Sunmer Redstone’s former companion and self-described caregiver Manuela Herzer may want back into the Viacom chairman’s “living ghost” of a life, but Redstone’s corporate right-hand man says the boss is still in good shape. In papers filed today in response to Herzer’s revealing petition of yesterday seeking a determination of Redstone’s faculties, Viacom president and CEO Philippe Dauman describes 92-year-old Redstone as “engaged and attentive.”
“Sumner and I spoke about business matters, including the upcoming Viacom board meeting,” the Viacom CEO says of his November 3 meeting with Redstone at his Los Angeles home. “Sumner asked me to send regards to various people, and I updated him on the regards others have asked me to pass along to him. We talked about the conference at which I would be speaking the following morning, and we reminisced about corporate history and personal matters.” Dauman says he found Redstone in as good shape mentally on his most recent visit, as he did the last time he saw him on October 8, with Herzer present. “On both occasions, he was engaged, attentive and opinionated as ever,” he adds.
Dauman’s declaration is important because not only has the guessing game over Redstone’s health and mental capacity become a frequent topic in media circles in recent months, but also because the Viacom CEO has now become the one to make health decisions for the company founder if Redstone is “unable.” That role was previously held by Herzer in a directive put in place September 3. She was removed from that responsibility not long after his estate attorney Leah Bishop removed her from Redstone’s home on October 12.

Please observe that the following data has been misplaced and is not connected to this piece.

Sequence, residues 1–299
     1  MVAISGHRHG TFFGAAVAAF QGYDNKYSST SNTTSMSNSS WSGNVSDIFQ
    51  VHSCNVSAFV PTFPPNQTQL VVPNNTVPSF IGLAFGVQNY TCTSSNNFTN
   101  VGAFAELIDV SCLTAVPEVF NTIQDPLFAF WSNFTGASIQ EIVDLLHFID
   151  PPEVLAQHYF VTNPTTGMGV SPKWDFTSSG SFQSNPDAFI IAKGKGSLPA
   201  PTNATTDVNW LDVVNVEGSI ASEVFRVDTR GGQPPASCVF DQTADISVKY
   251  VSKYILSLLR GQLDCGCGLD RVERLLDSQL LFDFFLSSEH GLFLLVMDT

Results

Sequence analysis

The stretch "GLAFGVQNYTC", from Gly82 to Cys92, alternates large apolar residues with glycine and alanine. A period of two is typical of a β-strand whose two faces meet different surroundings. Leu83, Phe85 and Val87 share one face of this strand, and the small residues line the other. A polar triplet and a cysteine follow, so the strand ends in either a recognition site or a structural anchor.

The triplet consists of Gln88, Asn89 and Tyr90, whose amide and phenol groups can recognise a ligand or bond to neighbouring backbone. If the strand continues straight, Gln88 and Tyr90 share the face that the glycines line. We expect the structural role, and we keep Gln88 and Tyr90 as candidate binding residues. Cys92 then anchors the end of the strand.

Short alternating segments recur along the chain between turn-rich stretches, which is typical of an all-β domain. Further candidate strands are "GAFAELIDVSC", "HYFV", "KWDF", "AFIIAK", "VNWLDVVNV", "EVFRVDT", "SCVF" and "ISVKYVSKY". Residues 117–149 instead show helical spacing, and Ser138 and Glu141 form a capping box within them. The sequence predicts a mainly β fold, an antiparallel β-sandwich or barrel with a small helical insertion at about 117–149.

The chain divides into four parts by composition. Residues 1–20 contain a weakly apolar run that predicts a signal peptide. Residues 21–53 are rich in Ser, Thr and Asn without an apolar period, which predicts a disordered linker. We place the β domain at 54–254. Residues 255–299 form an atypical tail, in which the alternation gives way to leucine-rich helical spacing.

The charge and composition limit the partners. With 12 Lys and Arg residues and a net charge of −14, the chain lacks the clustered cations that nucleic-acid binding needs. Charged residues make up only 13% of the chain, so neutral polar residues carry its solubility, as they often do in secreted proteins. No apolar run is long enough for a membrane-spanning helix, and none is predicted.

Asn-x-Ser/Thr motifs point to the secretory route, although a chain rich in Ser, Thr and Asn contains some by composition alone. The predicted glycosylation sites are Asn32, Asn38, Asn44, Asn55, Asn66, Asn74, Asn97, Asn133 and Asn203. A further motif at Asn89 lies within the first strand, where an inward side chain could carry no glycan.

Represented by Bert Fields and Pierce O’Donnell at Greenberg Glusker Fields Claman & Machtinger LLP, Herzer claims that in the last year “Mr. Redstone began exhibiting signs of a discernible and accelerated mental decline.” She notes in her Tuesday filing in L.A. Superior Court (read it here) that the media mogul missed the 2015 Viacom and CBS annual shareholder meetings and doesn’t participate in quarterly conference calls for the companies. That’s “something which would have been unthinkable for him when he was in good health,” Herzer’s petition claims. To that end, she wants a court determination that “on October 16, 2015 Mr. Redstone lacked the requisite capacity to revoke the September 2015 Directive and remove Petitioner as his sole health care agent.”
“This application is all about Ms. Herzer’s personal financial agenda,” replied Redstone’s lawyers Gabrielle Vidal and Amy Koch today in filings (read here) rejecting the need for hearings in the next few weeks or further determinations in the matter. “Let’s be blunt. Ms. Herzer’s baseless demands and allegations are an attempt to take discovery in service of building a record for the post-death trust contest she intends to bring, and have nothing to do with any present (let alone urgent) concern for Mr. Redstone’s protection.”
“If Ms. Herzer wants to challenge Mr. Redstone’s estate plan, the very least she could do is wait until he dies,” the opposition filing adds.
As for Redstone’s primary corporate representative and now heath care agent, Dauman said at the end of his deposition affirming the Viacom chief’s capacity that he cares “deeply for Sumner and will do whatever is necessary to ensure that he continues to receive superior care.”
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